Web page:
This story is part of an Untold Atlanta special report called Georgia in Trump's America. Watch the full version here.

Americans love a good underdog story, especially when it comes to sports.

In 1999, a talented but unproven backup NFL quarterback made his debut. Kurt Warner led the St. Louis Rams to three consecutive Super Bowl victories; their record-breaking offense earned the nickname “The Greatest Show on Turf.”

In 1980, a hockey team made up of amateurs and college players beat a Soviet powerhouse squad on the world stage - a game that went down in history as “The Miracle on Ice”.

And who can forget the undersized, yet unrelenting, Notre Dame football walk-on? Daniel Ruettiger persevered through personal challenges and naysayers to achieve his dream of playing football for the Fighting Irish. His collegiate career summed up to a single on-field appearance - a mere just 27 seconds. It culminated in Ruettiger sacking the opponent’s quarterback on the final play. Fighting Irish teammates triumphantly carried Daniel Ruettiger off the field while the crowd chanted his nickname, “Rudy.”

Those are just a few favorites, but every hometown has a beloved underdog player or team of their own - including the city of Clarkston.

Wesley Etienne rattles off a list of country names from memory.

“We have Somalia, Rwanda, Cameroon, Congo, Jamaica, Ethiopia, Eritrea,” he said, trying not to miss a name. “We don’t really care what country you’re from. We’re just rocking and rolling.”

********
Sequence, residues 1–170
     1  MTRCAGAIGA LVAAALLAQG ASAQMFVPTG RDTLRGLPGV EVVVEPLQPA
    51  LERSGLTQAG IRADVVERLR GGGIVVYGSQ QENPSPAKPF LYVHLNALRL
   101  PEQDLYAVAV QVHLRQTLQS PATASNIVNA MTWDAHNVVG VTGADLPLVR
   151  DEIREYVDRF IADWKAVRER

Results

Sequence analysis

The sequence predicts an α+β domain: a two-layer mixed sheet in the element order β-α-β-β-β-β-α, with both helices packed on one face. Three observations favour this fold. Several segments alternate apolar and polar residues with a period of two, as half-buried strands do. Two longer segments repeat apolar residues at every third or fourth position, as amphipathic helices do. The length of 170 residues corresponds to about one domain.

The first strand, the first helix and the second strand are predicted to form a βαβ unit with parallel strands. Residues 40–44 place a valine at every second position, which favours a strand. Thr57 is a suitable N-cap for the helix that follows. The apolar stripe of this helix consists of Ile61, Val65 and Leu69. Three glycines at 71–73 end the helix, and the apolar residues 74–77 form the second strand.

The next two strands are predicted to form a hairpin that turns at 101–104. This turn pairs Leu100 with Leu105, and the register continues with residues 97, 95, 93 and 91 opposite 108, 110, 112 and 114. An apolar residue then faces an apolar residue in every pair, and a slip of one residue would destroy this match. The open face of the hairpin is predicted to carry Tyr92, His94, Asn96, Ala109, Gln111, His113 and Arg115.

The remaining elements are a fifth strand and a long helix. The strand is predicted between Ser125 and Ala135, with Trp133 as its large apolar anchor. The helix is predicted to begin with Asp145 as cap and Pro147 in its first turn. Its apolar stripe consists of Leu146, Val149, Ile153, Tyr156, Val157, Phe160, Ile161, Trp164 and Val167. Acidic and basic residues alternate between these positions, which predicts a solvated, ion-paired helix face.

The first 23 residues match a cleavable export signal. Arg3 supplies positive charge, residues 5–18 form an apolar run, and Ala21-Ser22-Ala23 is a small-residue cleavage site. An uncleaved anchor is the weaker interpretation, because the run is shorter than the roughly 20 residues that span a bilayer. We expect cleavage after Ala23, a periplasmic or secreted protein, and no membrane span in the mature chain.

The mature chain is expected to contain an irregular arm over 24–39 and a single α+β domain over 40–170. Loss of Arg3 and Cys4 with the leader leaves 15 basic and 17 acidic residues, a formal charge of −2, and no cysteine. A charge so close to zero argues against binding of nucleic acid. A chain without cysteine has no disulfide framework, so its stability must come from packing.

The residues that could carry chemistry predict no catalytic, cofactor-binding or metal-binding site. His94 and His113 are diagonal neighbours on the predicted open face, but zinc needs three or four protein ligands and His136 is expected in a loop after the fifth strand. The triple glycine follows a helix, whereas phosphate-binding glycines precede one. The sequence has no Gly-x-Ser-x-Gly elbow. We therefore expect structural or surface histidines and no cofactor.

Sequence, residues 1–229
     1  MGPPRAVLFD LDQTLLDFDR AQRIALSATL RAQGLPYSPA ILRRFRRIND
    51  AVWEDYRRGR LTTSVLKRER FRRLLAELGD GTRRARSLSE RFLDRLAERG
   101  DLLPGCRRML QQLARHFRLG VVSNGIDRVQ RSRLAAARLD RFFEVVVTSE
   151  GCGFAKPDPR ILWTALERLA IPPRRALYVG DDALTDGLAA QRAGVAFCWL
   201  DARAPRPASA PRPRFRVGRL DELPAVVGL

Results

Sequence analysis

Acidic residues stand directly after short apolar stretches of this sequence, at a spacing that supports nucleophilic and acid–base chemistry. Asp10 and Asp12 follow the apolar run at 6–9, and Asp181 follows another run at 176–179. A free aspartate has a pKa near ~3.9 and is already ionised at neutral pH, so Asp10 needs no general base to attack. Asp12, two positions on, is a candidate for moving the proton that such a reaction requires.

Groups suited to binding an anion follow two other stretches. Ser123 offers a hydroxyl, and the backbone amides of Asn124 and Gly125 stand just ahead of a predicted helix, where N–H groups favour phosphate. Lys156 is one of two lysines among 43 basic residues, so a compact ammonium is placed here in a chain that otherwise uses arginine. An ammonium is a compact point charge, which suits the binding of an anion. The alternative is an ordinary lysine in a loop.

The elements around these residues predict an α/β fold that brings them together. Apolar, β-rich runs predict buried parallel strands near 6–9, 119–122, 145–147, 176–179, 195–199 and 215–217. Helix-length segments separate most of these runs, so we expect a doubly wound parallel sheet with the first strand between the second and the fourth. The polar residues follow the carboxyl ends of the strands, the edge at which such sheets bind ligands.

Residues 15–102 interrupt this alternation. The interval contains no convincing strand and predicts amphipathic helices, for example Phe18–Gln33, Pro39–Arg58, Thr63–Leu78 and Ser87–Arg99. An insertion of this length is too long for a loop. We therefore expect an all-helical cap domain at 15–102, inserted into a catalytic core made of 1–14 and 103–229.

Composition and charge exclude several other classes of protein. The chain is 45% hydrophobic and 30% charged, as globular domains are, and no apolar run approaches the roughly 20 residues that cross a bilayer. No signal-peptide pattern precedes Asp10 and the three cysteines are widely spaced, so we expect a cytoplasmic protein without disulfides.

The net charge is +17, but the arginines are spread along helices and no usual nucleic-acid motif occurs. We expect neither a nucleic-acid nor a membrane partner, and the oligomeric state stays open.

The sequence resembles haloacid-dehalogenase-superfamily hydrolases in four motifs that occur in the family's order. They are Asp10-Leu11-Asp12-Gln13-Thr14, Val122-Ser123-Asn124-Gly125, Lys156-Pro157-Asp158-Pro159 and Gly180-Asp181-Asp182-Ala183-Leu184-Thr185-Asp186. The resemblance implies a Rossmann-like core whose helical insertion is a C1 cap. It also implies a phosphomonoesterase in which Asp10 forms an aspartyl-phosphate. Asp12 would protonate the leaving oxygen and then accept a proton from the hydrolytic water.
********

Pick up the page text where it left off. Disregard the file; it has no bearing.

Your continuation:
Etienne is the head coach of Clarkston High School’s cross country program. The team is made up of athletes representing nearly a dozen countries which is just a slice of city’s multiculturalism.

Current census data shows that 44 percent of Clarkston’s residents are foreign-born. The city’s affordable housing and access to public transit made it an ideal location for incoming families placed by refugee resettlement programs.

For the Clarkston High team, diversity is not divisive.

Many of the athletes came to the U.S. as refugees, escaping the violence or extreme poverty occurring in the home countries; others are American citizens but have parents and siblings who are not.

Htoo Say is a sophomore who relocated to the U.S. in 2008. Htoo was born in a refugee camp in Thailand after his parents fled their home country of Burma. His answer as to why his family came to America is simple: “To have a better life.”